Michael Coscia filed papers in a US federal court in Chicago last week to have his indictment for spoofing dismissed as a matter of law. In October 2014, Mr. Coscia was indicted for spoofing and commodities fraud related to trading activities from August to October 2011 in 17 different CME Group contracts, and three ICE Futures Europe contracts. In his court papers, Mr. Coscia claimed that the prohibition against spoofing in federal law is “hopelessly vague, and its criminal enforcement would violate [his] right to due process of law.” Among his other arguments, Mr. Coscia noted that only after more than 18 months following his alleged wrongful conduct did the Commodity Futures Trading Commission issue a final interpretive guidance regarding the nature of conduct that might constitute prohibited spoofing. The delay, claimed Mr. Coscia, reflected public debate and even some CFTC’s commissioners’ acknowledgement that the definition of spoofing was unclear and could, on its face, prohibit legitimate conduct. As a result, Mr. Coscia said his indictment should be dismissed because “[b]asic principles of due process … do not permit a statute to sweep in a broad swath of conduct without a standard for separating the lawful from the unlawful.” (Click here to see details regarding Mr. Coscia’s indictment in the article “NJ-Based Trader Previously Sanctioned by UK FCA, CFTC and CME Indicted in Chicago for Same Spoofing Offenses,” in the September 29 to October 3 and 6, 2014 edition of Bridging the Week.)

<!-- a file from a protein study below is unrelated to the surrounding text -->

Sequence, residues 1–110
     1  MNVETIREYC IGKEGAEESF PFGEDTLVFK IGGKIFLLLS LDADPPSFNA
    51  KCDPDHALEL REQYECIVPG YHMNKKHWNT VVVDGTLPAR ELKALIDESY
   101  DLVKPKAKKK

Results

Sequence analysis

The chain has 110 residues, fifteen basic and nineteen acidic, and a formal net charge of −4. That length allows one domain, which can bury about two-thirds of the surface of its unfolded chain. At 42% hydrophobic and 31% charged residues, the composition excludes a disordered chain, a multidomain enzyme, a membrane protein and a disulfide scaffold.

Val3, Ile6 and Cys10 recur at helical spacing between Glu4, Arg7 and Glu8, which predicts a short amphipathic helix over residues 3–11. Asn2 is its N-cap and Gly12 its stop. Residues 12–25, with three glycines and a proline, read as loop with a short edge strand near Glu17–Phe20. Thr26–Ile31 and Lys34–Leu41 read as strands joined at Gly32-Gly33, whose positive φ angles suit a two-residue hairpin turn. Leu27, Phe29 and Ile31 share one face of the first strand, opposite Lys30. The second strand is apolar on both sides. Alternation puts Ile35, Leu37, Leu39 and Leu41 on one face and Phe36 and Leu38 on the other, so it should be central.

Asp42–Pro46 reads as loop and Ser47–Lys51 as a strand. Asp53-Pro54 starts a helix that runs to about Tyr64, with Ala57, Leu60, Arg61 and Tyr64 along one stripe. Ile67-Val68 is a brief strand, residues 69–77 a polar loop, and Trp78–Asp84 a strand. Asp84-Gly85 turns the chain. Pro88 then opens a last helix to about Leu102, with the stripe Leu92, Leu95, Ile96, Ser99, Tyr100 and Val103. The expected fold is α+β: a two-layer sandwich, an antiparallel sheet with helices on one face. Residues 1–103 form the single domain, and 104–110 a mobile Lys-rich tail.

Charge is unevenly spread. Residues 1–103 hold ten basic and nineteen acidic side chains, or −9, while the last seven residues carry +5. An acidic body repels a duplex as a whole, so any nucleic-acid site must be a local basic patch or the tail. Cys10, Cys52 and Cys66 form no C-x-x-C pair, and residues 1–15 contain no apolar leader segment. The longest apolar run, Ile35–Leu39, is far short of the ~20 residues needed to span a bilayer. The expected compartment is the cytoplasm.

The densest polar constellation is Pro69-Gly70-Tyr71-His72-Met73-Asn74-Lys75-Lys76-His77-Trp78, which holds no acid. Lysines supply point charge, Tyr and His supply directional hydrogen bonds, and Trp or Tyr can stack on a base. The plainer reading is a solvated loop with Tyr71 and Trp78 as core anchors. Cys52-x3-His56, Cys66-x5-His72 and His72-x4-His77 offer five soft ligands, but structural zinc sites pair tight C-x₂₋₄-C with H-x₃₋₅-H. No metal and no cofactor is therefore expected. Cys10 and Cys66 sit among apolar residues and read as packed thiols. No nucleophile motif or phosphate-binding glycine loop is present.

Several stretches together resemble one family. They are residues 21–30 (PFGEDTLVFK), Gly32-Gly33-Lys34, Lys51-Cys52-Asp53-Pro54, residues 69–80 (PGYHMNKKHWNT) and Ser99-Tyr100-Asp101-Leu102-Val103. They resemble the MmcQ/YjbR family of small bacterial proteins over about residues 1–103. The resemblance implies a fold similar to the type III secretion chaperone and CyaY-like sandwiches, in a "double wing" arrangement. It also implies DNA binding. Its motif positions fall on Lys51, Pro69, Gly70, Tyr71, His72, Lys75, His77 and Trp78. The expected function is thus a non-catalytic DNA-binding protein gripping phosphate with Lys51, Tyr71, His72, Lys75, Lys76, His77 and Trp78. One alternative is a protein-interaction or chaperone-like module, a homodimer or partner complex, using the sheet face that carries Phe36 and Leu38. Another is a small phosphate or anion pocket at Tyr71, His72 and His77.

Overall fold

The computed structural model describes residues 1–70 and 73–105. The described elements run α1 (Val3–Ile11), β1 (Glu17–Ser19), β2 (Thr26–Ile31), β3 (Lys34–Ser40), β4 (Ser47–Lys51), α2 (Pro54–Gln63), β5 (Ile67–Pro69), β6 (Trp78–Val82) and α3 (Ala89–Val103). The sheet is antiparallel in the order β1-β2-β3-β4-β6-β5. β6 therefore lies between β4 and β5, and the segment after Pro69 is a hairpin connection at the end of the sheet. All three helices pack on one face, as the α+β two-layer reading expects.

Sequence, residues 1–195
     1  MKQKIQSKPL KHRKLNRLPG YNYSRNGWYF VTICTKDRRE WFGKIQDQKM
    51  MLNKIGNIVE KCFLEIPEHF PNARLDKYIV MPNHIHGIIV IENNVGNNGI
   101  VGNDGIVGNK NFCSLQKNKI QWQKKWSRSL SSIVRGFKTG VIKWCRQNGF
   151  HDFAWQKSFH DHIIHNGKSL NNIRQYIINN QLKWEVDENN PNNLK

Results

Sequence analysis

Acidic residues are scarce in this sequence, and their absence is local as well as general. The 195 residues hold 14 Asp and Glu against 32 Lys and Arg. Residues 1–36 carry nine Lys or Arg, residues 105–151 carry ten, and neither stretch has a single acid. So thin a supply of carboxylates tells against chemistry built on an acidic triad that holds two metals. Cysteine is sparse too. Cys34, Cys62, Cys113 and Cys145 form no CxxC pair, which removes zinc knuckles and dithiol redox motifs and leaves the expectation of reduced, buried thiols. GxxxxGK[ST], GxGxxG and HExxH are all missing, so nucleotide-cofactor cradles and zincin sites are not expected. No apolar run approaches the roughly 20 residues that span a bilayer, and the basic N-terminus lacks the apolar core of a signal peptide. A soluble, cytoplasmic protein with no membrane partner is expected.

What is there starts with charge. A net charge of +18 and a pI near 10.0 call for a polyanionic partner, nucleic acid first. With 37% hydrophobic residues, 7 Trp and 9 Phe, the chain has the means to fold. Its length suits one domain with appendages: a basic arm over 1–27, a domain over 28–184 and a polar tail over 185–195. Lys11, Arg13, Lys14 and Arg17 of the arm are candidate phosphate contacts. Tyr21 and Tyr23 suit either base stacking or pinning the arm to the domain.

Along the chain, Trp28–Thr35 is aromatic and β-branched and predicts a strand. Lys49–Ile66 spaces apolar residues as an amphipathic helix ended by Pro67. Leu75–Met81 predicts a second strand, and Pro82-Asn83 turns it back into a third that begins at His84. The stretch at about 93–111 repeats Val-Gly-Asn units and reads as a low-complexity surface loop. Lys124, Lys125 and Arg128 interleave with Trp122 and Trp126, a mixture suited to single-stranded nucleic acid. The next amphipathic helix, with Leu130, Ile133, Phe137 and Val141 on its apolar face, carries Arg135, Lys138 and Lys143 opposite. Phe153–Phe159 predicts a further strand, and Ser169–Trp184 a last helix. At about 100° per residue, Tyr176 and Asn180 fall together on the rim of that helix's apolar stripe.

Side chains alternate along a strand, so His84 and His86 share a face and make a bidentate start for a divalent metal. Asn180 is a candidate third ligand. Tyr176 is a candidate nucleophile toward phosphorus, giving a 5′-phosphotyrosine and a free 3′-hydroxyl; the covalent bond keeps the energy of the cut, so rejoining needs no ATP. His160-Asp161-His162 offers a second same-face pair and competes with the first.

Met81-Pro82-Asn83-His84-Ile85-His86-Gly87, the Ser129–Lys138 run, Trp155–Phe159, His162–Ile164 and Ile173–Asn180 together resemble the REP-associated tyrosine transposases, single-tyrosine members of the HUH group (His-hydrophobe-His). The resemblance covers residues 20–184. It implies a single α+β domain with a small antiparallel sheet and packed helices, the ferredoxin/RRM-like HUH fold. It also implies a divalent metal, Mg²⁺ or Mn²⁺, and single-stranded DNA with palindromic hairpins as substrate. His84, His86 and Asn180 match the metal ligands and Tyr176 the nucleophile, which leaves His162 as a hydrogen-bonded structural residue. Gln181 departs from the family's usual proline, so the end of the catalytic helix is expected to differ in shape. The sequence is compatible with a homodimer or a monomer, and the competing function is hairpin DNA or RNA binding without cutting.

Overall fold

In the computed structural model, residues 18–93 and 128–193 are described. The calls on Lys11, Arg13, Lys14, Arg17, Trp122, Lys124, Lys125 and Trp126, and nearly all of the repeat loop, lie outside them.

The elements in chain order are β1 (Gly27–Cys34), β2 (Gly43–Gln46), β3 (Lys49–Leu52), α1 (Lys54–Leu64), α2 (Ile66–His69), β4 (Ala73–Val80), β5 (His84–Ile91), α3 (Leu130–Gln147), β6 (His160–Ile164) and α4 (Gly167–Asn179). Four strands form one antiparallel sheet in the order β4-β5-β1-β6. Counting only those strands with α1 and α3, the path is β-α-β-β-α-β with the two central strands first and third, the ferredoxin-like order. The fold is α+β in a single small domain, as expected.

My View: It was an unusual experience to review Mr. Coscia’s memorandum of law to support his motion to dismiss, and find my own public writings and statements referenced three times—particularly one writing from January 2011 where I warned that the “lack of clarity is particularly troubling since certain violations [of the anti-spoofing provision of law] could potentially result in criminal action.” Then, as now, I believe that “bidding or offering with the intent to cancel the bid or offer before execution” (the statutory definition of spoofing) might be wrongful under certain circumstances, but under other circumstances has another name other than spoofing—it’s called ordinary, legitimate trading!